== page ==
Relative to New Zealand, all Pacific nations have a much lower per capita GDP. According to the World Bank, Samoa has per capita GDP of about $6,600, about one-tenth of the New Zealand figure of $65,000 while most other Pacific nations are even worse off.
New Zealand’s aid helps to improve living standards for people in the Pacific Islands. However, a key reason for spending this money in the Pacific has nothing to do with immediate economic or cultural benefits to New Zealand nor its humanitarian impact. Foreign Affairs Minister Winston Peters laid out New Zealand’s reasons for being involved in the Pacific when he spoke to the Lowy Institute earlier this year, highlighting the national security challenges that he saw in the region.
“The modern world opens trans-boundary security challenges, including gangs; criminal deportations; drug production and distribution; cyber and financial crime; and aviation and border security. New Zealand’s national security is directly affected by the Pacific’s stability,” he said.
“We seek to assist Pacific Island countries to achieve sustainable economic growth and improved financial management as the primary engines of lifting living standards and funding vital government services”.
CO-OPERATIVES CAN HELP
And this is where the co-operative business model can help.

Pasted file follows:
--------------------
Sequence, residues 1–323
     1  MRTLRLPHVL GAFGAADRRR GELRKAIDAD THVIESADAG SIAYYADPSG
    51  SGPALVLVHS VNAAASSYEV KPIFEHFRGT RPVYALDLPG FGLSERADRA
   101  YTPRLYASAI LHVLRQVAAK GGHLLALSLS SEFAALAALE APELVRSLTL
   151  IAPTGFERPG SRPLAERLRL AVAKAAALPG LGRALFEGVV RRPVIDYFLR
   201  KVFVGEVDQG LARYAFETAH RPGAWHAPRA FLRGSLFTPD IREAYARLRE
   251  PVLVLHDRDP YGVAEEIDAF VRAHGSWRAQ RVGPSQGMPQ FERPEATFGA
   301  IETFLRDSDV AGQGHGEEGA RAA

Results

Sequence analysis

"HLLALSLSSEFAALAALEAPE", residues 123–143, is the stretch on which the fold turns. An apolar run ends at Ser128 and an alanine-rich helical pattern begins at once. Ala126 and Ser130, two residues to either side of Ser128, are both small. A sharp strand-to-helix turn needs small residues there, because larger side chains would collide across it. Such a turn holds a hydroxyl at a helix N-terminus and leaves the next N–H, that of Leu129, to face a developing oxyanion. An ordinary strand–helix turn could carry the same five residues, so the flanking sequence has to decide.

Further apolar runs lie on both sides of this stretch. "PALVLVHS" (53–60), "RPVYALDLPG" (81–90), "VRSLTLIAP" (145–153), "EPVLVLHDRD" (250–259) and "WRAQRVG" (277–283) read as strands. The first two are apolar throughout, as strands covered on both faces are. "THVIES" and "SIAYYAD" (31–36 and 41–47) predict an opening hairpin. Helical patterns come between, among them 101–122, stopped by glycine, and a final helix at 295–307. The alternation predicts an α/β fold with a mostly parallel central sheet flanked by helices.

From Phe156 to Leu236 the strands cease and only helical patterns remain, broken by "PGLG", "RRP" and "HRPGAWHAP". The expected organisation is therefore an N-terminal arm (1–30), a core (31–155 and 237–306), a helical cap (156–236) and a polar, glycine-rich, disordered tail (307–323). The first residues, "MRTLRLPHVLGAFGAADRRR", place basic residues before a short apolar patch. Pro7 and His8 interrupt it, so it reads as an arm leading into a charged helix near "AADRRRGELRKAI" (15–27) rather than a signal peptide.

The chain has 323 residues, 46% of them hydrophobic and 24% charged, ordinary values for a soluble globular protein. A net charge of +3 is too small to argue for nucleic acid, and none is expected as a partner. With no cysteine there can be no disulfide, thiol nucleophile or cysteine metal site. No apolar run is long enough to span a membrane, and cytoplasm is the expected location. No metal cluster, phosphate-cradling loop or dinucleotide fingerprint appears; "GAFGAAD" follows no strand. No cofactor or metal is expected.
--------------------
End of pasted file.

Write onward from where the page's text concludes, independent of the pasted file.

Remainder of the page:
These are member-owned (as opposed to investor-owned) organisations that are democratically run, open membership, self-supporting and here for the long term. Financial benefits are provided to members on the basis of the volume of product supplied, or the amount of business transacted, in a given year. These commercially-driven organisations collaborate effectively and give back to local communities along the way. Profits are returned to Members each year by way of dividend and therefore retained locally. Co-op (and mutual) businesses are all about endurance and long term survival which must be good for any country, large or small. Without doubt, this business model is the most closely aligned towards supporting the UN in achieving the 17 Sustainable Development Goals by 2030.
Looking at the leading Pacific nations in Melanesia, for example, most have maintained if not grown their co-operative presence within their respective economies in recent years: